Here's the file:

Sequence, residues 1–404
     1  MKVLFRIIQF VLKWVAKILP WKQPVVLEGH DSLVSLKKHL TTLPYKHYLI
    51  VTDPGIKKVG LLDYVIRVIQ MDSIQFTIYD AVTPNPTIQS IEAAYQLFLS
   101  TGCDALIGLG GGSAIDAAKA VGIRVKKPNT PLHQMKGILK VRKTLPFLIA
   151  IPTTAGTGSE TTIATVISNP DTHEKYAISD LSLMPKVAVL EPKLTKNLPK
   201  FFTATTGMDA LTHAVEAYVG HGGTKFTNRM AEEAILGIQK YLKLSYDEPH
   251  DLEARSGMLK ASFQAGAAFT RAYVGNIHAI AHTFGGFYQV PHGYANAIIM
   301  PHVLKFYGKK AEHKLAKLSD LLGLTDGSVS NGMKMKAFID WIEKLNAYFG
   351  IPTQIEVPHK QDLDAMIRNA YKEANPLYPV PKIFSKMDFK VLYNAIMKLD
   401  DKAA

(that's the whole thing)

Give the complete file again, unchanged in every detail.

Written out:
Sequence, residues 1–404
     1  MKVLFRIIQF VLKWVAKILP WKQPVVLEGH DSLVSLKKHL TTLPYKHYLI
    51  VTDPGIKKVG LLDYVIRVIQ MDSIQFTIYD AVTPNPTIQS IEAAYQLFLS
   101  TGCDALIGLG GGSAIDAAKA VGIRVKKPNT PLHQMKGILK VRKTLPFLIA
   151  IPTTAGTGSE TTIATVISNP DTHEKYAISD LSLMPKVAVL EPKLTKNLPK
   201  FFTATTGMDA LTHAVEAYVG HGGTKFTNRM AEEAILGIQK YLKLSYDEPH
   251  DLEARSGMLK ASFQAGAAFT RAYVGNIHAI AHTFGGFYQV PHGYANAIIM
   301  PHVLKFYGKK AEHKLAKLSD LLGLTDGSVS NGMKMKAFID WIEKLNAYFG
   351  IPTQIEVPHK QDLDAMIRNA YKEANPLYPV PKIFSKMDFK VLYNAIMKLD
   401  DKAA